There's value, I suppose, in returning to the roots. But this wasn't the time for it, and it definitely wasn't the right approach.
The first problem is the Rocky "saga" had already gone to cartoonish extremes, and Stallone was anything but an underdog by the time this thing got greenlit... So scaling things back just wasn't going to cut it. Rocky V should have been Rocky in Space or something, if it absolutely had to exist (it didn't). But, instead,…
And so... This dreadful trilogy finally reaches its grim conclusion. With a film that is widely celebrated as being the best of the crop, which may be true, but it might not be for the right reasons.
Objectively speaking, this movie is just not very good. It's overlong, often tedious and almost aggressively mean spirited... So concerned with delivering on its dark story turns and tragic ironies, it forgets to have any fun. It's easily one of the most depressing…
The sports film as pure propaganda... In every sense of that word. Stallone's answer to Triumph of the Will? Sure, why not...
After all, this is mainstream filmmaking at the service of delivering a superficial message... Of what? Of peace? The perseverance of the human spirit?
Or is it just a beefcake revenge movie? A standard, comic book action flick? Rocky taking on the big bad guy to avenge the death of a friend?
Yes. It is all those things.…
It's fair to say this film is an improvement on Episode I.
But I don't know to what degree that really matters. Because the story is still a dreary and uninteresting mess...weighted down by boring intergalactic political intrigue about which we don't give a shit.
And these are still unappealing characters brought to life with all the energy and verve of wooden mannequins by a cast unable to really sell you on the artificial world they're inhabiting.
Oh that isn't…
There may have been a time when this popular sequel was taken seriously as drama, but that time is long gone.
As it stands, it's a cheerfully ridiculous and extremely gay (in every sense of that word) cartoon of a movie.
It brings Rocky Balboa into the eighties with appropriate bombast and mass appeal. And, because of this, the film is undeniably entertaining from beginning to end.
Existing somewhere between sports fantasy and B-grade action spectacular, it turns the title…
Whether or not there actually was more story to tell is irrelevant. The point is Sly Stallone found a way to do it that made sense. And the result is a slightly overcooked but nonetheless entertaining movie.
It all comes down to the fact we like Rocky. And we really like Stallone in the role. This movie was made at a different, early stage of his career. Back when he had been the toast of the town before a pair…
This ballooned into a massive, iconic franchise, and the most popular and familiar aspects probably exist in its later entries. That's why it's sometimes easy to forget that it all started with this: A rather minuscule character piece that capitalized on America's need for a rush of optimism -- some post Viet Nam emotional healing, while also serving as Sylvester Stallone's launching pad.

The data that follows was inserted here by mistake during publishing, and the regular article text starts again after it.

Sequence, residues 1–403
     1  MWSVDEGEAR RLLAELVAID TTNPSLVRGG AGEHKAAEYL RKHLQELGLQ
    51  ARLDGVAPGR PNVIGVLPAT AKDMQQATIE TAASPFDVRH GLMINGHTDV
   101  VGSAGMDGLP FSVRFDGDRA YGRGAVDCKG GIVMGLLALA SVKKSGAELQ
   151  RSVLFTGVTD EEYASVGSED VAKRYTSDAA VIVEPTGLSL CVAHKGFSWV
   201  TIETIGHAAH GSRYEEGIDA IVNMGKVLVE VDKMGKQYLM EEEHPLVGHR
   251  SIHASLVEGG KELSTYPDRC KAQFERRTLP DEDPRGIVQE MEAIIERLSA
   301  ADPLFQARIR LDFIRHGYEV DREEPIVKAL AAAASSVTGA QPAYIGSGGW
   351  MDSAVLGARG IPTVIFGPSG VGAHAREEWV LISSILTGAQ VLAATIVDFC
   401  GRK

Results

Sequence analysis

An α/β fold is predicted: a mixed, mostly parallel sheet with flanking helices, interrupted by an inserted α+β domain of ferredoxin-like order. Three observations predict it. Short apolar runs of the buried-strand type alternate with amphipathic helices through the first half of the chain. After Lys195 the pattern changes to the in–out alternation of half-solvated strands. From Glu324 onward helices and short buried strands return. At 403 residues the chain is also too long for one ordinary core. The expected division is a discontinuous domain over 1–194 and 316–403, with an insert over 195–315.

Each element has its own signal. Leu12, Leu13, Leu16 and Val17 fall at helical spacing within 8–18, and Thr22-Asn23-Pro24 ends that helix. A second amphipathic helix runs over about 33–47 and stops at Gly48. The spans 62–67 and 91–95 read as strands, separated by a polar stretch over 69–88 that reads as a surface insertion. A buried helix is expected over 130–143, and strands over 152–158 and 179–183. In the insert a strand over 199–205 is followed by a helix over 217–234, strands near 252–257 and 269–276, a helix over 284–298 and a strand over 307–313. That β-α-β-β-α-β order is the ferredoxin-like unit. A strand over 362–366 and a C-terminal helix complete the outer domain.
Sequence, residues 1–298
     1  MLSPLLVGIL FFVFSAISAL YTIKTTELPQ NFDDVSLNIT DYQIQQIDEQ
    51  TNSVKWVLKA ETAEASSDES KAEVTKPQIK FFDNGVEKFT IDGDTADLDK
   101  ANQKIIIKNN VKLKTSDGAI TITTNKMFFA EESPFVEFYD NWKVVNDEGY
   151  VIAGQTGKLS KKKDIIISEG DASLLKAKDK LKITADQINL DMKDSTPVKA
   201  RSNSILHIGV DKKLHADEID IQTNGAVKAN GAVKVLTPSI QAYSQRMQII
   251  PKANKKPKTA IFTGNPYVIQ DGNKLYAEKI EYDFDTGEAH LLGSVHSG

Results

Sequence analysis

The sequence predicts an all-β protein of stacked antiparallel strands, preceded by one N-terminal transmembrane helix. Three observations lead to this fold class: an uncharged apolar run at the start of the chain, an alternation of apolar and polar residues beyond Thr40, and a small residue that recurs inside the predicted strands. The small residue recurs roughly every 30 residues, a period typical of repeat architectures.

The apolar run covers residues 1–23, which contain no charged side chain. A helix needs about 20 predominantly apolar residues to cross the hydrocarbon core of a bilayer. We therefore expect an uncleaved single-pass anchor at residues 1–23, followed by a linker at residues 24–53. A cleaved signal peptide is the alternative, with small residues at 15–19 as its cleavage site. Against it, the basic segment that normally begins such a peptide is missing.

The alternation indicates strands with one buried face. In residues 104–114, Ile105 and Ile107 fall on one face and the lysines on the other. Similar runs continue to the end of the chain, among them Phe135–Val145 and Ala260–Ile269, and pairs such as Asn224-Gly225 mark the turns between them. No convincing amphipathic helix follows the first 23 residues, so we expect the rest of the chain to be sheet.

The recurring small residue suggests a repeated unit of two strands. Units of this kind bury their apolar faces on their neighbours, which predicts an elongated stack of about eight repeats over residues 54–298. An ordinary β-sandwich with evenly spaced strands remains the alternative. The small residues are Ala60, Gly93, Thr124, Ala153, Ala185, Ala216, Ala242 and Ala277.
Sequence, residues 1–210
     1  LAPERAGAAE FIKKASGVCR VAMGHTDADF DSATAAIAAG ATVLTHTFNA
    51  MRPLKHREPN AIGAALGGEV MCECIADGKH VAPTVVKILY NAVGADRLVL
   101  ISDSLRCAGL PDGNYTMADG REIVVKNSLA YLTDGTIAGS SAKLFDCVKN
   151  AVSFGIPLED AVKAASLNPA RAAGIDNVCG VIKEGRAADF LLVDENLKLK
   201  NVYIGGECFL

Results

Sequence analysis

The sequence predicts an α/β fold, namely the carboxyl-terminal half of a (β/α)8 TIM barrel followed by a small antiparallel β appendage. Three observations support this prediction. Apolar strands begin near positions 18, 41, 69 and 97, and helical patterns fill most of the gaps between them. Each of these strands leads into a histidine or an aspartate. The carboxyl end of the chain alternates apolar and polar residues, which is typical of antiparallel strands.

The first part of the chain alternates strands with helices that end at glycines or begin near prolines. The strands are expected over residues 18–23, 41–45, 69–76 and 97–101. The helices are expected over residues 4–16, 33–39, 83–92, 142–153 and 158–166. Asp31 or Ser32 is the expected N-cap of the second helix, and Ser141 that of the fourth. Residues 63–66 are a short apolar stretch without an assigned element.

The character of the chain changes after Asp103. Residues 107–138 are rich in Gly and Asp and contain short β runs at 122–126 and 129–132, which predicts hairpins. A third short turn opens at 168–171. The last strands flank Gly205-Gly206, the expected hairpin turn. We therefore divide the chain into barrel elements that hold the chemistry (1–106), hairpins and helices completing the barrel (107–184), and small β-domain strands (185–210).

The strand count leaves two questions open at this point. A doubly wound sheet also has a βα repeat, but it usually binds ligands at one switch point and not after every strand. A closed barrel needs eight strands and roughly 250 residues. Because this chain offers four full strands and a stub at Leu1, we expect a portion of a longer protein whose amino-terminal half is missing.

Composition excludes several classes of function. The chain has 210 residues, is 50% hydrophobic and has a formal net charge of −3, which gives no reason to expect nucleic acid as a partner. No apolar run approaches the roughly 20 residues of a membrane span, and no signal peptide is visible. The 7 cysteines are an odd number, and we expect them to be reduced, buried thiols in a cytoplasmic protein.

And that's probably why it worked so well and continues to resonate. There are few films that…
Removed from whatever initial enthusiasm there may have been for George Lucas returning to his very popular world after a 16 year hiatus, this movie is honestly pretty dreadful.
Oh, sure... There are some good things here. Liam Neeson is perfectly cast as an enigmatic, larger than life Jedi master and, even as it comes off just a little bit like cosplay, Ewan McGregor does a more than serviceable job of playing a young Obi Wan...right down to doing his…
It's not as good as Skyfall... And the theme song is - there's no way around this, really - the theme song is horrible.
Apart from that, though, this movie offers up quite a bit of entertainment value...bang for the buck. It is definitely the most "fun" of Daniel Craig's run - we find a much looser Bond here, with the quips and goofy humor that will evoke the Roger Moore era. For some, this may be a problem. But…
Horror films tend to be metaphors and allegories for our everyday ills. The best ones are that, anyway. And the best ones are those that achieve their results without too heavy a hand.
And, to that effect, Jennifer Kent's powerful directorial debut has found a very engaging way to illustrate the crippling reality of grief - as manifested through a very unique sort of boogeyman come to life.
For the most part, The Babadook works very well. It's a strong…
Your mileage may vary. For the most part, though, I guess this is a heartfelt celebration of Back to the Future that is likely to appeal to the very popular film's many fans.
Someone hoping for an in-depth look at the franchise as a whole (which spans three films, a Saturday morning cartoon show and a video game) might be disappointed to find that the main focus here is the first film. And, more than any kind of behind the…
And this is why it endures... Because George Lucas had the good sense (at the time) to take a back seat and allow more capable hands to actually steer the ship.
As is typically stated, this is a vast improvement to its predecessor in just about every way. The established concepts are built upon very well and the scope is widened... Comic book silliness abounds, yes, but the pathos feels genuine and so it is more convincing.
Because there is…